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SAHEL WEATHER AND CROP SITUATION - June 1998








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    SAHEL WEATHER AND CROP SITUATION - July 1998 1998
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    Following first rains in April in Burkina Faso, the extreme south of Chad, Mali and Niger, rains reached the east of Guinea-Bissau in mid-May and the extreme south-east of Senegal and the east of The Gambia in early June. First rains were also registered in several areas of southern Mauritania. Elsewhere, in Cape Verde, northern Senegal and eastern Niger, seasonably dry conditions continue to prevail. The latest Meteosat satellite image for the early days of July indicates that clouds remain pre sent over most producing areas of Mali, Burkina Faso, western Niger and southern Chad but dry conditions persist in northern Senegal, eastern Niger and most parts of Mauritania. Land preparation and planting are progressing following the onset of the rains. Crops are generally emerging satisfactorily in Mali, Burkina Faso, western Niger and southern Chad. Rainfall decreased in late June in Burkina Faso but soil moisture reserves are generally adequate. Grasshoppers are reported in Burki na Faso, Chad and Niger. Limited Desert Locusts activity is reported in Mali. Small-scale breeding is expected to commence with the onset of the summer rains in southern Mauritania, northern Mali and Niger.
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    SAHEL WEATHER AND CROP SITUATION - June 1999 1999
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    The rainy season started generally on time or even early in southern Senegal. However, following generally above normal rains in early to mid-May, the rains decreased significantly in early June in the centre and the east of the Sahel. By contrast, in the west, they progressed northwards over Senegal, The Gambia and Guinea Bissau. The rainy season started in April in the extreme south of Mali and progressed northwards in May. In Burkina Faso, rains started in mid-April, became widespread and wer e generally above normal over the south and the centre up to mid-May, but they decreased significantly in early June. Precipitation was widespread over southern Niger and Chad in May but decreased in early June. Elsewhere, in Cape Verde, northern parts of Senegal and Mauritania, seasonably dry conditions prevail. The last Meteosat satellite image for the first few days of the second dekad of June confirms the rainfall pattern. Land preparation and plantings are in progress following the ons et of the rains. Crops are emerging satisfactorily in Burkina Faso, southern Chad and Mali but reduced rains in early June are threatening recently planted crops, notably in Burkina Faso. Grain-eating birds are reported in Chad, Mali and Niger. Control measures are underway. Rodents also appeared following plantings in Niger. Isolated Desert Locusts have been reported in Mauritania; low numbers are expected in the summer breeding areas of the Sahel once seasonal rains commence. No signific ant developments are expected.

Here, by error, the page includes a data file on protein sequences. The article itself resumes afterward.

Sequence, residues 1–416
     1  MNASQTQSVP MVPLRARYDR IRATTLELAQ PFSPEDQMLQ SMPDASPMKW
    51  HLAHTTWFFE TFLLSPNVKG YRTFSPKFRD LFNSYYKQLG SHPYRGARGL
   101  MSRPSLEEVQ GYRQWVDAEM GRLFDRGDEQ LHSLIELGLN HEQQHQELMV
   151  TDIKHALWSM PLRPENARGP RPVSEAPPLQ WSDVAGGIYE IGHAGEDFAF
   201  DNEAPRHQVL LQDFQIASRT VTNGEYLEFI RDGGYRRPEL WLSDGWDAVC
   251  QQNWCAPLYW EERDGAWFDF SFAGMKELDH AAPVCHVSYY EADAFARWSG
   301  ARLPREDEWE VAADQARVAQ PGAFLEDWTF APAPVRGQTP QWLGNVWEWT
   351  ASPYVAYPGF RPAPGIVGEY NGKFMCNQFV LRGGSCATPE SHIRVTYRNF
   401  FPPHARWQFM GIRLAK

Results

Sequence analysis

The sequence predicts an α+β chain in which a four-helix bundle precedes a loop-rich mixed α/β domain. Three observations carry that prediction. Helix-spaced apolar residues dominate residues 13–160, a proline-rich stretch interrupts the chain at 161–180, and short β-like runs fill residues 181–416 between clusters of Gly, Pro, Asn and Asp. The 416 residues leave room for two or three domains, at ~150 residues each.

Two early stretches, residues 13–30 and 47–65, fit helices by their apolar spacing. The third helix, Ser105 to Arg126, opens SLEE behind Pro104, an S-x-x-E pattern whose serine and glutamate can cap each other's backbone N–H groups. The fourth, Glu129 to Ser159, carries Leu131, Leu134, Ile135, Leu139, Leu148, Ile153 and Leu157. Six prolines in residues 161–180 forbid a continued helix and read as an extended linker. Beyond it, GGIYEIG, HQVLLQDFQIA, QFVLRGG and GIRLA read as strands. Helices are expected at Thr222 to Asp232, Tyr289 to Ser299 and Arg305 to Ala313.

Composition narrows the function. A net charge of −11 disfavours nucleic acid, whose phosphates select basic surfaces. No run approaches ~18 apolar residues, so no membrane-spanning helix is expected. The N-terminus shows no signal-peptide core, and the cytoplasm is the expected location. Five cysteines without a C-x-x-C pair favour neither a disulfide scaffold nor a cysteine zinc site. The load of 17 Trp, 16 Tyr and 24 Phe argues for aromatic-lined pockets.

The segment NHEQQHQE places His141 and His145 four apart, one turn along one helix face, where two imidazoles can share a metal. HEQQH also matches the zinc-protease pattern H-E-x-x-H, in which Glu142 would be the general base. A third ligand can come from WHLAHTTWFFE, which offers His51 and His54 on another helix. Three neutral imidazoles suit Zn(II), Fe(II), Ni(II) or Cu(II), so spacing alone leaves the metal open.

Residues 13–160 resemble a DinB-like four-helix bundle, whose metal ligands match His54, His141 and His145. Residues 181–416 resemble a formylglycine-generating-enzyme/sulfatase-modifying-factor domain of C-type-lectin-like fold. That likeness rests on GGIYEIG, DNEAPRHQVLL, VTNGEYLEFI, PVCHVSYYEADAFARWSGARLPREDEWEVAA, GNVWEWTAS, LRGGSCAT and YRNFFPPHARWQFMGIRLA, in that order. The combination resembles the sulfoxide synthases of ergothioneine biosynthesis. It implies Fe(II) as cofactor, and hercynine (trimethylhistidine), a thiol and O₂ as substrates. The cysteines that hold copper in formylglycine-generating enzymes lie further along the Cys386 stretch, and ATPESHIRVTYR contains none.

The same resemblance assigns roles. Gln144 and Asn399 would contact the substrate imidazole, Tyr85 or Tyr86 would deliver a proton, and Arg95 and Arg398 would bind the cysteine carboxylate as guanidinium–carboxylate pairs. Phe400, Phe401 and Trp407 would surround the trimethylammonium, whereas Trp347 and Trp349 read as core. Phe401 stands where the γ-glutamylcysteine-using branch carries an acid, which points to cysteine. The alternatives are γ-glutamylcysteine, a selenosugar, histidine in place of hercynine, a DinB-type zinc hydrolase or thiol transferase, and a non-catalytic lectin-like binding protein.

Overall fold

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    SAHEL WEATHER AND CROP SITUATION REPORT - June 2000 2000
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    The rainy season has started in late April or May in southern Burkina Faso, Chad, Guinea Bissau and Mali, in the extreme south-west of Niger and the extreme south-east of Senegal; seasonably dry conditions prevail in the rest of Senegal, Cape Verde, The Gambia and Mauritania. This corresponds to the normal pattern in the Sahel, except for Niger where the onset of the rains is somewhat delayed. Satellite imagery for the first dekad of June shows a decrease in the intensity of the rains in the are as where they had started in Burkina Faso and Niger but a significant northwards movement of cloud coverage, indicating that rains progressed over the centre of Mali, Niger and Chad. Land preparation and plantings are in progress following the onset of the rains. Dry planting is also underway in Mauritania and Niger. Crops are emerging satisfactorily in southern Burkina Faso, Chad and Mali but improved rains are needed in the coming weeks . Seed availibility is generally adequate following above average to record harvests in most Sahelian countries in 1009. The pest situation is calm. A few Desert Locusts were reported in mid-April in south-eastern Aïr in Niger and during May in Adrar in Mauritania. Low numbers of adults are likely to appear in southern Mauritania and lay with the onset of the rains.

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